Scent of revolution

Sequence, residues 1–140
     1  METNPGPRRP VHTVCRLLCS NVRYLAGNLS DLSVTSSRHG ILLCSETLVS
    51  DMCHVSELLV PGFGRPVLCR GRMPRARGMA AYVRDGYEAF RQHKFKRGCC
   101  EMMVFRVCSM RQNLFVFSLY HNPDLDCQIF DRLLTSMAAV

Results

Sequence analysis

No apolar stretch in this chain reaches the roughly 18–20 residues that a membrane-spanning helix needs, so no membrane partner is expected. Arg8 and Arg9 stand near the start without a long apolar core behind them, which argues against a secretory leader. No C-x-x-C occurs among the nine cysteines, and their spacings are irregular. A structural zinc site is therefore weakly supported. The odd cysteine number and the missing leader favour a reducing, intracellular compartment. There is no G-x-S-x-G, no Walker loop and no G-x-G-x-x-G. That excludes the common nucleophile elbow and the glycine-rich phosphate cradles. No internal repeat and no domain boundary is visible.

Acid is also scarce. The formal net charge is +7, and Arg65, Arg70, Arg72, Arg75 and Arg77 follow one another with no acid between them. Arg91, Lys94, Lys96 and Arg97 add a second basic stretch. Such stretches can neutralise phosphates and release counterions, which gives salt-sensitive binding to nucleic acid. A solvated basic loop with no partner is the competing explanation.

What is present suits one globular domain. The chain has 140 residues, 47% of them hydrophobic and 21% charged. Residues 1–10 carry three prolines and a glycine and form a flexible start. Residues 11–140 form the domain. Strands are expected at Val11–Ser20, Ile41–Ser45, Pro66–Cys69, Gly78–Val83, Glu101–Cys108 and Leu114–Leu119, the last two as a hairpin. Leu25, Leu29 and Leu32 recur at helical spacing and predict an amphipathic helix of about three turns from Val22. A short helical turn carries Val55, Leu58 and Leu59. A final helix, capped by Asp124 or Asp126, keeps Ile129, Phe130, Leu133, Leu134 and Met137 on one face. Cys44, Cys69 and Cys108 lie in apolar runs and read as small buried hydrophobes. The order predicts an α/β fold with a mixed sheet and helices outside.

Four people recount­ing their expe­ri­ences in Egypt: The owner of the largest col­lec­tion of photo neg­a­tives in the coun­try, a Coptic polit­i­cal activist, an elder­ly social­ist writer, and a younger cyber­space design­er. The first two have been living in Luxor for decades. They talk about how cor­rup­tion has destroyed the city little by little, leav­ing it a domi­cile with no space for its actual people. The other two live in Cairo – but the writer is a man living in a dif­fer­ent time, and the design­er a woman living in anoth­er world. Back in the 1980s, he wrote about his dis­en­chant­ment with the 1952 rev­o­lu­tion, com­par­ing past and present. She has devel­oped a space of vir­tu­al pos­si­bil­i­ty in Second Life, where she invites a Salafist to meet her as an avatar at Tahrir Square. The scent of rev­o­lu­tion is bewitch­ing and can be found all over the place, it is intan­gi­ble and ephemer­al. A fresh scent can remind you of some­thing from the past. A rev­o­lu­tion is usu­al­ly asso­ci­at­ed with a place and a year, yet it is pre­cise­ly this sort of restric­tion that usu­al­ly brings about it its fail­ure. ARIJ gen­er­ates space and time in all direc­tions, thus giving the rev­o­lu­tion room to breathe.